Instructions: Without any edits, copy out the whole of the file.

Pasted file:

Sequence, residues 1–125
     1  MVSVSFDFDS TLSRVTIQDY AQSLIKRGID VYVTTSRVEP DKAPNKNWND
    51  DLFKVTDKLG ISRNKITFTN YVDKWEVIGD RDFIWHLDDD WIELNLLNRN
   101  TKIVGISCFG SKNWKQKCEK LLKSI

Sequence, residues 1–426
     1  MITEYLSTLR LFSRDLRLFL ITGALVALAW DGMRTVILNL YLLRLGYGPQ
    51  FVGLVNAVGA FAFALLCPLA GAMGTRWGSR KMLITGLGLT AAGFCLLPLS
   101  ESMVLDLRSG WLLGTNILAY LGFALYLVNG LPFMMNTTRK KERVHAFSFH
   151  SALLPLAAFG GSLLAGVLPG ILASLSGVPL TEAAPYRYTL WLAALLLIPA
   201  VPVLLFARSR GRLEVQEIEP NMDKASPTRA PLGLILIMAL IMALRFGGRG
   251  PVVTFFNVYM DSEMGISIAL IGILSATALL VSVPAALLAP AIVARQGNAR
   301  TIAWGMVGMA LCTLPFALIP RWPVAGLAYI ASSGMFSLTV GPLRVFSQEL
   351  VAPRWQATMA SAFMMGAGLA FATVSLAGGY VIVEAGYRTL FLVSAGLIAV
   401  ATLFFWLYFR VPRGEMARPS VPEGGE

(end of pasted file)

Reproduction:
Sequence, residues 1–125
     1  MVSVSFDFDS TLSRVTIQDY AQSLIKRGID VYVTTSRVEP DKAPNKNWND
    51  DLFKVTDKLG ISRNKITFTN YVDKWEVIGD RDFIWHLDDD WIELNLLNRN
   101  TKIVGISCFG SKNWKQKCEK LLKSI

Sequence, residues 1–426
     1  MITEYLSTLR LFSRDLRLFL ITGALVALAW DGMRTVILNL YLLRLGYGPQ
    51  FVGLVNAVGA FAFALLCPLA GAMGTRWGSR KMLITGLGLT AAGFCLLPLS
   101  ESMVLDLRSG WLLGTNILAY LGFALYLVNG LPFMMNTTRK KERVHAFSFH
   151  SALLPLAAFG GSLLAGVLPG ILASLSGVPL TEAAPYRYTL WLAALLLIPA
   201  VPVLLFARSR GRLEVQEIEP NMDKASPTRA PLGLILIMAL IMALRFGGRG
   251  PVVTFFNVYM DSEMGISIAL IGILSATALL VSVPAALLAP AIVARQGNAR
   301  TIAWGMVGMA LCTLPFALIP RWPVAGLAYI ASSGMFSLTV GPLRVFSQEL
   351  VAPRWQATMA SAFMMGAGLA FATVSLAGGY VIVEAGYRTL FLVSAGLIAV
   401  ATLFFWLYFR VPRGEMARPS VPEGGE